The menu design for this release is quite nice as it’s similar to the previous season but just has a bright and more alive feeling about it. The right side has the curved listed that holds the navigation by episode number which includes the episode title. The majority of the menu along the left of that is filled with bright blue skies, clouds and character artwork. The first disc in particular has a really good image of Sora in her sundress with a hat as the sun shines down that really looks great. Submenus load quickly and everything is easy to get to. With it being a monolingual release, it defaults to subtitles on obviously but they can be turned off on the fly.
The series has a good mix of extras that goes a bit beyond the norm. While we get the basics in the clean opening and closing sequences but we also get the Japanese promo video. The really fun little piece that we get is a trailer for the live action movie. Hopefully this will get picked up someday so we have everything.
Content: (please note that content portions of a review may contain spoilers)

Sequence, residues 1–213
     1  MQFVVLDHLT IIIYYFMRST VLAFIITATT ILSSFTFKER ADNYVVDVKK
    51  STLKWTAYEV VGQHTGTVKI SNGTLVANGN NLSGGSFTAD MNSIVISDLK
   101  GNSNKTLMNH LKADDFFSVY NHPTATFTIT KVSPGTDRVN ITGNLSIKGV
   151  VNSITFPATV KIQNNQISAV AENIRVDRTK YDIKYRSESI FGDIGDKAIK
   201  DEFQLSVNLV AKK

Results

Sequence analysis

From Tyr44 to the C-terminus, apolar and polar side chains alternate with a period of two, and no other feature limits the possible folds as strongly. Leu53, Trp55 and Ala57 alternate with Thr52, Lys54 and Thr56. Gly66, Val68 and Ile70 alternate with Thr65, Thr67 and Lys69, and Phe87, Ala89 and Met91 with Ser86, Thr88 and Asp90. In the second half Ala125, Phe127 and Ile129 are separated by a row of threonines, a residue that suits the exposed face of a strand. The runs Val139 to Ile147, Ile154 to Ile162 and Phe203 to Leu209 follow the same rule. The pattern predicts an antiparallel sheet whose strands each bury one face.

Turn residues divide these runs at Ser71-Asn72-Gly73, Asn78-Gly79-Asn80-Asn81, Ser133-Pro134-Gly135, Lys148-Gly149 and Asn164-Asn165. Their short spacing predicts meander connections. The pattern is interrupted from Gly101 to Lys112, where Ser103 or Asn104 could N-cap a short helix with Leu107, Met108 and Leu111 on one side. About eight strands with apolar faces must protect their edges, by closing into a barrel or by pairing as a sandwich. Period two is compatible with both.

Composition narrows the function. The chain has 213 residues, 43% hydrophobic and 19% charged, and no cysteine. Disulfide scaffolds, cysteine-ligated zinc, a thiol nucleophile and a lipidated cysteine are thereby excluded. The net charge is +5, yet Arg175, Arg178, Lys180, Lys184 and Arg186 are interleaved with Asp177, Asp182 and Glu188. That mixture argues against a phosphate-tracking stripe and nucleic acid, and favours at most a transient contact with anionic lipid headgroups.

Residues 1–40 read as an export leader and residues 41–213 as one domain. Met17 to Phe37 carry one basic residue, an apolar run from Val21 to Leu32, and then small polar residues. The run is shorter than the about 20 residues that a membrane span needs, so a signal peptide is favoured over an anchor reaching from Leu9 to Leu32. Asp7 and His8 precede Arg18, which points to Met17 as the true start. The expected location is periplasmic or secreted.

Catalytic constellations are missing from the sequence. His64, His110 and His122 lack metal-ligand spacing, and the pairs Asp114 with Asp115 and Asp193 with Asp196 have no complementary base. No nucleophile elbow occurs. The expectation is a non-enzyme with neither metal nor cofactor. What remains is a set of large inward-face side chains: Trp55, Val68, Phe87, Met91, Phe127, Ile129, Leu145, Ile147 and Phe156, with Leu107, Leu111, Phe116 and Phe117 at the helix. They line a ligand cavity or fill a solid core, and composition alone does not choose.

After the short run original manga series by Norie Yamada, she followed it up with a five volume separate series Spellbound and then began in 2008 with Summer Skies, aka this Sora season. That series is still ongoing and has some differences from the anime, mostly in some quirks of the main characters magic. This season isn’t exactly a sequel to what original series but just more stories told in the same world with different characters. While JC Staff handled the animation for the first series, Hal Maker steps in here for this one and does an admirable job with it, providing some similarities to the original while putting its own stamp in it, largely with the heavy use of photographs for the backgrounds that are tweaked and recolored.